Jamal, A.A.; (2010) Liberal theory and Islam: (re)imagining the interaction of religion, law, state and society in Muslim contexts. Doctoral thesis, UCL (University College London).
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Within the global phenomenon of the (re)emergence of religion into issues of public debate, one of the most salient issues confronting contemporary Muslim societies is how to relate the legal and political heritage that developed in pre-modern Islamic polities to the political order of the modern states in which Muslims now live. This study seeks to develop a framework for addressing this issue by drawing upon two sources. The first is an interpretative understanding of the history of Muslim contexts emphasising, in particular, the diversity of views about what Islam mandates that have always been a part of Muslim experience and the distinction between political and religio-legal authority that developed in practice in these environments. The second source is a variety of contemporary liberal theory which this study develops and calls ‘justice as discourse’. The central argument is that liberal theory, and justice as discourse in particular, though it may have emerged in a different social and cultural milieu, can be normatively useful in Muslim contexts for relating, religion, law, state and society. It is argued first, that Muslim contexts are facing issues similar to those out of which liberal theory emerged. Additionally, it is argued that both Muslim contexts and liberal theory are dynamic and continually developing and that this shared dynamism means that there may be space for convergence of the two. Just as Muslim contexts have developed historically (and continue to develop today) the same is the case with the requisites of liberal theory and this may allow for liberal choices to be made in a manner that is not a renunciation of Muslim heritage.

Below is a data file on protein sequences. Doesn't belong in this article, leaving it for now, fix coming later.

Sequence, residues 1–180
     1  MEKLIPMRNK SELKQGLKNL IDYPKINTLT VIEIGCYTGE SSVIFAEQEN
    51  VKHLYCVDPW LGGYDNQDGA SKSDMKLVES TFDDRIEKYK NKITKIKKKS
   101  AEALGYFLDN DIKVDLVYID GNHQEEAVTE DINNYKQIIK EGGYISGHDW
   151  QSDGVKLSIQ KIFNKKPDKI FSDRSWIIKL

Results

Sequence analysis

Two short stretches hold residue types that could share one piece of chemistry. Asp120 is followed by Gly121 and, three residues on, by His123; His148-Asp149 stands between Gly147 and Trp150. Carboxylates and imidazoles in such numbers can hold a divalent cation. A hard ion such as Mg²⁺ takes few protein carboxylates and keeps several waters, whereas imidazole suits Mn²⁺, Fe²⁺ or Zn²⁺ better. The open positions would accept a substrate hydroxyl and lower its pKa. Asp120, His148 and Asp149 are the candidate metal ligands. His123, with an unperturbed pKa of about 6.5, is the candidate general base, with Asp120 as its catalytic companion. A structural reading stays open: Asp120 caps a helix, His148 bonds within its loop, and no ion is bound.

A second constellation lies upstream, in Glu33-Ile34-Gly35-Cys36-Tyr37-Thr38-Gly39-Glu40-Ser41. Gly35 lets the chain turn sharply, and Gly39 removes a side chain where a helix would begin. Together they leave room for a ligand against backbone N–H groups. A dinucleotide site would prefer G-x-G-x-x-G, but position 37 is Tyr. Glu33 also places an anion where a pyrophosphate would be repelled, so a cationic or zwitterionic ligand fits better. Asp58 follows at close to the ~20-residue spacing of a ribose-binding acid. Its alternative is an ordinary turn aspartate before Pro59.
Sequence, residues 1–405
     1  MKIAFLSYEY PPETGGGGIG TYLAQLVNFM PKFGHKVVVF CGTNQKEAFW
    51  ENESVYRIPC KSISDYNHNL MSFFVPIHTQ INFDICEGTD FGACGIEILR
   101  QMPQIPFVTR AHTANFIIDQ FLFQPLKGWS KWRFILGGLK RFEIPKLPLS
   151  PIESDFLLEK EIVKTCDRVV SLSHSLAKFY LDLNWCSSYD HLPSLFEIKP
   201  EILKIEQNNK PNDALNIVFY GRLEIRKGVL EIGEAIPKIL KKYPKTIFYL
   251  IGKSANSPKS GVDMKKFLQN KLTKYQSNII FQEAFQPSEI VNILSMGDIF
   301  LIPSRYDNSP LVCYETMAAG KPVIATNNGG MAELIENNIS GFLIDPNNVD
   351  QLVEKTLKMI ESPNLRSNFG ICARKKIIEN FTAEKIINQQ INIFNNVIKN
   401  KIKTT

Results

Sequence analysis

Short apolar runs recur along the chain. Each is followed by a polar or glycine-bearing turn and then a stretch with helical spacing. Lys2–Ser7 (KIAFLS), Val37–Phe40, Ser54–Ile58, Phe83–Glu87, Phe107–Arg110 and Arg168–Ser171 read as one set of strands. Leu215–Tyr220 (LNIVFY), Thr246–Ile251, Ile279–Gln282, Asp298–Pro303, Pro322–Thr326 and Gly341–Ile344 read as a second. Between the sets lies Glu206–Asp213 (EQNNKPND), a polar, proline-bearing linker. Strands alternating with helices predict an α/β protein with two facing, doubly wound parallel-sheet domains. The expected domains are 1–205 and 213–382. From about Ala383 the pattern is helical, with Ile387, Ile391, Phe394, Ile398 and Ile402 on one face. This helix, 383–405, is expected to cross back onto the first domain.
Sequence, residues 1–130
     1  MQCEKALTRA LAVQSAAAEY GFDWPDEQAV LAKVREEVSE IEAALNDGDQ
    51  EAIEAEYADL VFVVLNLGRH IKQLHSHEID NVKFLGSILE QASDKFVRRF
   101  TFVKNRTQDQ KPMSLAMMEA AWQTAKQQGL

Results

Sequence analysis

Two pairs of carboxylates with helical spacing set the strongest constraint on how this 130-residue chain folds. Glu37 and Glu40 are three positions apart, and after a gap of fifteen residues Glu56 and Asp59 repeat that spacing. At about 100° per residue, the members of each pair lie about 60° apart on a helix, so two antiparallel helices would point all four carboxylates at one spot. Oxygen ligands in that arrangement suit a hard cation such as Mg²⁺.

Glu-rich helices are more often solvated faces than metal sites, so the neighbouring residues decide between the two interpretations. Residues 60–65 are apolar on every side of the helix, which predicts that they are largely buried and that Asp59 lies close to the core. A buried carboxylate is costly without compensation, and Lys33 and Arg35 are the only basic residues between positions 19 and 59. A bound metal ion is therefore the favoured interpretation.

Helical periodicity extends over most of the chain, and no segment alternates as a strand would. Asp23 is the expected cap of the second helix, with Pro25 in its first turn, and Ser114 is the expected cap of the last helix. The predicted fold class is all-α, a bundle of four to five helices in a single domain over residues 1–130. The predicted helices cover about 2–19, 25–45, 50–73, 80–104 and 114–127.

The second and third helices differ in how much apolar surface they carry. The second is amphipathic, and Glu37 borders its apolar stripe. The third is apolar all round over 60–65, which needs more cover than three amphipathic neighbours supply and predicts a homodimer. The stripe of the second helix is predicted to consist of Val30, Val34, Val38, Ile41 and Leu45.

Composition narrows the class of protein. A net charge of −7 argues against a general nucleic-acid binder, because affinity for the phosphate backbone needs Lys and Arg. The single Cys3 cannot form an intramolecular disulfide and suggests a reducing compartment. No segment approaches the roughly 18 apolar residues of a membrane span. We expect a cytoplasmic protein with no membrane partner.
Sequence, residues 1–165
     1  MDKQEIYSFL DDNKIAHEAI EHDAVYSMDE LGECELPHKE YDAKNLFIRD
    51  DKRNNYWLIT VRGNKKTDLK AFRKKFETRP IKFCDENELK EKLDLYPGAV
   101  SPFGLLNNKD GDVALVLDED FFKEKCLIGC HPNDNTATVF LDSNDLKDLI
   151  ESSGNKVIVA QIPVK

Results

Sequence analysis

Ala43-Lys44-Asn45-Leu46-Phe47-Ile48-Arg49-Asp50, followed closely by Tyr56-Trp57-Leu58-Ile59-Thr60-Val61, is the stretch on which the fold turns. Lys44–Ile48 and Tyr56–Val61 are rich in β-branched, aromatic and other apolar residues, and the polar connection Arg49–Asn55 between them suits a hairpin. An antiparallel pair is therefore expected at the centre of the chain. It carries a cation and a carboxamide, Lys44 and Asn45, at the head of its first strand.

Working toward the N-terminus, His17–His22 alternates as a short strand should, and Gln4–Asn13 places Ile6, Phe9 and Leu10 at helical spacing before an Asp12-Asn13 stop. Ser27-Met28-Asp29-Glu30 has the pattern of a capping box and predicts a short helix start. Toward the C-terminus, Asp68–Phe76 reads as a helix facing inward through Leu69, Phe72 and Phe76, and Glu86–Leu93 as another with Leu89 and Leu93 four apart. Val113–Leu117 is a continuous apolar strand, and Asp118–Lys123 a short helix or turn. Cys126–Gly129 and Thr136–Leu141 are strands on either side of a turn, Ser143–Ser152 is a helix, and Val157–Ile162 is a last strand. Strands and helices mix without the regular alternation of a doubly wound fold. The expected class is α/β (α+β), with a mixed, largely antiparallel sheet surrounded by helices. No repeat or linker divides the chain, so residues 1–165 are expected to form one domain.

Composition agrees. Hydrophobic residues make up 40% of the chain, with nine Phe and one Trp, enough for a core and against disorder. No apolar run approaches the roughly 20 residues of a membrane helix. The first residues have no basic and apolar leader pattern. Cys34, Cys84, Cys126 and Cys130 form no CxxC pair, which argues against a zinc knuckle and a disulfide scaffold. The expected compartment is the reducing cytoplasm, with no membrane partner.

|Title:||Liberal theory and Islam: (re)imagining the interaction of religion, law, state and society in Muslim contexts|
|UCL classification:||UCL > School of Arts and Social Sciences > Faculty of Laws|
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